I am planning to paint my office sometime in the coming weeks. I have yet to choose a colour – I can’t decide between blue or aqua or purple – but I am sure that will turn out to be the smallest of the challenges involved with painting this particular room. I have a large desk that needs to come apart, and various frames littering the walls, and three bookcases that are filled from top to bottom with my favourite books. I have many, many favourite books, and within those books I tend to have favourite passages, pieces of the book that I can read over and over and each time newly feel the same rush of emotions I felt when I first encountered those paragraphs. The scene from the end of “Anne of the Island” where Anne is informed that Gilbert is dying and realizes too late (or so she believes) that she is desperately in love with him. The end of “Love Story” where (spoiler alert!) Jenny dies, and Ollie weeps brokenly in his estranged father’s arms. When the snow first starts to melt in “The Lion, The Witch, and The Wardrobe”.
And, of course, when Ramona Quimby tosses her cookies at school. It’s not great literature, and its status as a classic children’s novel would likely be disputed by many, but each and every time I pass a copy of “Ramona Quimby, Age 8” in a store (which happens with remarkable frequency) I participate – as if on auto-pilot – in the same ritual: I pick it up, flip to the same chapter (“Supernuisance”), read the same passage, and feel the same sense of overwhelming ickiness. Smack dab in the middle of that chapter, Beverly Cleary painted an awful, dread-filled, feel-it-in-the-pit-of-your-stomach picture of poor beleaguered little Ramona throwing up in class, a description horrifyingly accurate and nauseatingly familiar to anyone who has ever suffered the humiliation of hurling in public.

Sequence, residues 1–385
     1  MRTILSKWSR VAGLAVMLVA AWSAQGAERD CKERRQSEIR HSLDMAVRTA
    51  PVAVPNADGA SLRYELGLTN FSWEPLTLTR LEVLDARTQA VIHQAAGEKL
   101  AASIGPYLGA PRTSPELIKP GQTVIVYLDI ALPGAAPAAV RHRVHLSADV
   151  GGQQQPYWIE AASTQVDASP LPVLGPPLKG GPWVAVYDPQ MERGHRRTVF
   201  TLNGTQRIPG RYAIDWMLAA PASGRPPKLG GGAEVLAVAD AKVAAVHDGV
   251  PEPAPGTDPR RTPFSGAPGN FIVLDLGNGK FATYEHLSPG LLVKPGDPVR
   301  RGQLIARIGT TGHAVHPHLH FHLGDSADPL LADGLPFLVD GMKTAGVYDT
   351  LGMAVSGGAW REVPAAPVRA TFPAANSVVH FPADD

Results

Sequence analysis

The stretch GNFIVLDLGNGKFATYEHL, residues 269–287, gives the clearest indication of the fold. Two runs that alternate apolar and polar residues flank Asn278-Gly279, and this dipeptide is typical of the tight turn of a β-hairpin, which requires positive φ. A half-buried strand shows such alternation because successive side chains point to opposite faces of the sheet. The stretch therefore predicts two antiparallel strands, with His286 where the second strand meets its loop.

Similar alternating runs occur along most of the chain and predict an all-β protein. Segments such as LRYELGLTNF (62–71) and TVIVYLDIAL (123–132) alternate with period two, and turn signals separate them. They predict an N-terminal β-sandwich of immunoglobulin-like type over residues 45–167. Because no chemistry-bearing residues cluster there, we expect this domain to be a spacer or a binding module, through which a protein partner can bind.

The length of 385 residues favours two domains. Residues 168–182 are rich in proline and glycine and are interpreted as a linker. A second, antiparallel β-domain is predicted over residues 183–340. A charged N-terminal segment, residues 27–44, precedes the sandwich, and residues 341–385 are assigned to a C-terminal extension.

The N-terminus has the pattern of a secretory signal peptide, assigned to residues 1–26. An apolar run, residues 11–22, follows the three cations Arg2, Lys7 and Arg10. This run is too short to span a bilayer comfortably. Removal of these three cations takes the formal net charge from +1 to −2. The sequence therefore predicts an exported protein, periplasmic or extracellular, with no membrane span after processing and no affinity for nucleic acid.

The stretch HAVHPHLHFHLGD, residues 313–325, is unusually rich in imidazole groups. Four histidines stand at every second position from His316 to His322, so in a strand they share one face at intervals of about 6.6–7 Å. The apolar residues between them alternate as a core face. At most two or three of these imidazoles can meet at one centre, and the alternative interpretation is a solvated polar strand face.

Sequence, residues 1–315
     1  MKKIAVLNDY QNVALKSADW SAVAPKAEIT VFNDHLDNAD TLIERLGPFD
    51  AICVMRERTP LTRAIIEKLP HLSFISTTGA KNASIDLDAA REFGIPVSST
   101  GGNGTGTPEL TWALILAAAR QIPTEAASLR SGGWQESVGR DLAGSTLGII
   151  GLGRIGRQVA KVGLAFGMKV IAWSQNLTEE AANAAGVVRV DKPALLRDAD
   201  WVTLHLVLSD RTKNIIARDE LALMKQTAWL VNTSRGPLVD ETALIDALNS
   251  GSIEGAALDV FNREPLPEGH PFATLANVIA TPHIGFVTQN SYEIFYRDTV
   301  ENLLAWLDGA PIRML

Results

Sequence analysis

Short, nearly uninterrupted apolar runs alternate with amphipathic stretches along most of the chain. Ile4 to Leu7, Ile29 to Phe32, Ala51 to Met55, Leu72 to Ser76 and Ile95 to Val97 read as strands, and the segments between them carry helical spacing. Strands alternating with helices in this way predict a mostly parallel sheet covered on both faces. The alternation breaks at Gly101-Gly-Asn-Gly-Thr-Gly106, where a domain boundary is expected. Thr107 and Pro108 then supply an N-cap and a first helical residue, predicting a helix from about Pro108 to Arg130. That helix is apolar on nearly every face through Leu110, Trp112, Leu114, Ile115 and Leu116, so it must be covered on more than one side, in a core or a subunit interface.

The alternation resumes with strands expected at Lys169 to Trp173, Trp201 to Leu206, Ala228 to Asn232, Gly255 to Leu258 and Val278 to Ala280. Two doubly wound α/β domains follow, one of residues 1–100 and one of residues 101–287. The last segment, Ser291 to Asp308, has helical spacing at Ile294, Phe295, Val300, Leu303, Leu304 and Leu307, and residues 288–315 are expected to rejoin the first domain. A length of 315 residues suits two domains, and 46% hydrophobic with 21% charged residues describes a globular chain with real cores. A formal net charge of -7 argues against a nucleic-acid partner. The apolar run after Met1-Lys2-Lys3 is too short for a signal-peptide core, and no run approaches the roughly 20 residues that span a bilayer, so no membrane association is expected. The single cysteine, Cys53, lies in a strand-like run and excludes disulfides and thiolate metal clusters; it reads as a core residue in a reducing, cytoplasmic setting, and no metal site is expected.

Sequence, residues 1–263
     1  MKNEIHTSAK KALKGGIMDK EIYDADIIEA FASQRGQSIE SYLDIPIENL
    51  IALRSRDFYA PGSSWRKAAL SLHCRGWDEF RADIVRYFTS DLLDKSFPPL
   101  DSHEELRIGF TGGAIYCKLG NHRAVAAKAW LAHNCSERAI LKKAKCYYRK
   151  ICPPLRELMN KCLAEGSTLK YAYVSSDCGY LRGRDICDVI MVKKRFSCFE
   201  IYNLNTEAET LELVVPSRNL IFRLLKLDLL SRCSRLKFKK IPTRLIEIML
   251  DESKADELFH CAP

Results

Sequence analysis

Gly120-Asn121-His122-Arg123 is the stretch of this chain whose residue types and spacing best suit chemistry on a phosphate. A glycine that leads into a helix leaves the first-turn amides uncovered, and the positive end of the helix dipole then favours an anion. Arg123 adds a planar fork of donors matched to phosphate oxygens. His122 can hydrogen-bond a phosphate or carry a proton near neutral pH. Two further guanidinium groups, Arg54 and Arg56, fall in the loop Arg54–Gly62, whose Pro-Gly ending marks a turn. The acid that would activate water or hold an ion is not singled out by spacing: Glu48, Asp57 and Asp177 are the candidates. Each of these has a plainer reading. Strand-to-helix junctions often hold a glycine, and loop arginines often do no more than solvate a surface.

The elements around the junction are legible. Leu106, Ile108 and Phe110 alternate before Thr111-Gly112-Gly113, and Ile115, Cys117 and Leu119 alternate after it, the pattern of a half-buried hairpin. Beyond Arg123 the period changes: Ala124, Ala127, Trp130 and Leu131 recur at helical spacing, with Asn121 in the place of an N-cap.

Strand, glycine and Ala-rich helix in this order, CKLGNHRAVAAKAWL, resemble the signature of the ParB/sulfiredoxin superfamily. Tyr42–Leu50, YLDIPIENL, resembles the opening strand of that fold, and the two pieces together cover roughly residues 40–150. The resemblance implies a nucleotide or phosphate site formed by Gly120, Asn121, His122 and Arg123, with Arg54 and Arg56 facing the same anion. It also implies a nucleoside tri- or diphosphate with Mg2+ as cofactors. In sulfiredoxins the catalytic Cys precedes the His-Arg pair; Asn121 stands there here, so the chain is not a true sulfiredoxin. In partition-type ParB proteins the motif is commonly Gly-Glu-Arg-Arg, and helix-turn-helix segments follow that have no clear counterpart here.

I was in Chapters the other day and passed a display table with two tall stacks of that book. I stood there with two Starbucks cups in my hand, thumbing through the pages to get to the right chapter, read those few awful paragraphs, and wondered how many other people have re-read that same paragraph over and over, even into adulthood. It may be crazy behaviour on my part, but I really can’t help it. The writing is so vivid and the description is so gross that every time I can’t help but feel awful for Ramona as she sits at her desk, waiting for the inevitable and still praying desperately it won’t happen.
If you’ve never personally experienced being on the giving end of a public yaking, please thank your lucky stars. It’s bad enough to be that sick, and it’s just about a million times worse to have it happen in a public place (hypothetically speaking, of course). The only saving grace – if it can be considered one – of such an event is that for the rest of your life, you never have sit quietly to rack your brain when you’re asked to share your most embarrassing moment – a story that can rival the bad dates and clumsy playground accidents of your coworkers, friends, and dinner party guests is always on the tip of your tongue (disgusting pun not intended). Better still, if your story involves a very bumpy, very people-filled train at the African Lion Safari, you usually win the humiliation contest.
Or, you know, so I’ve heard.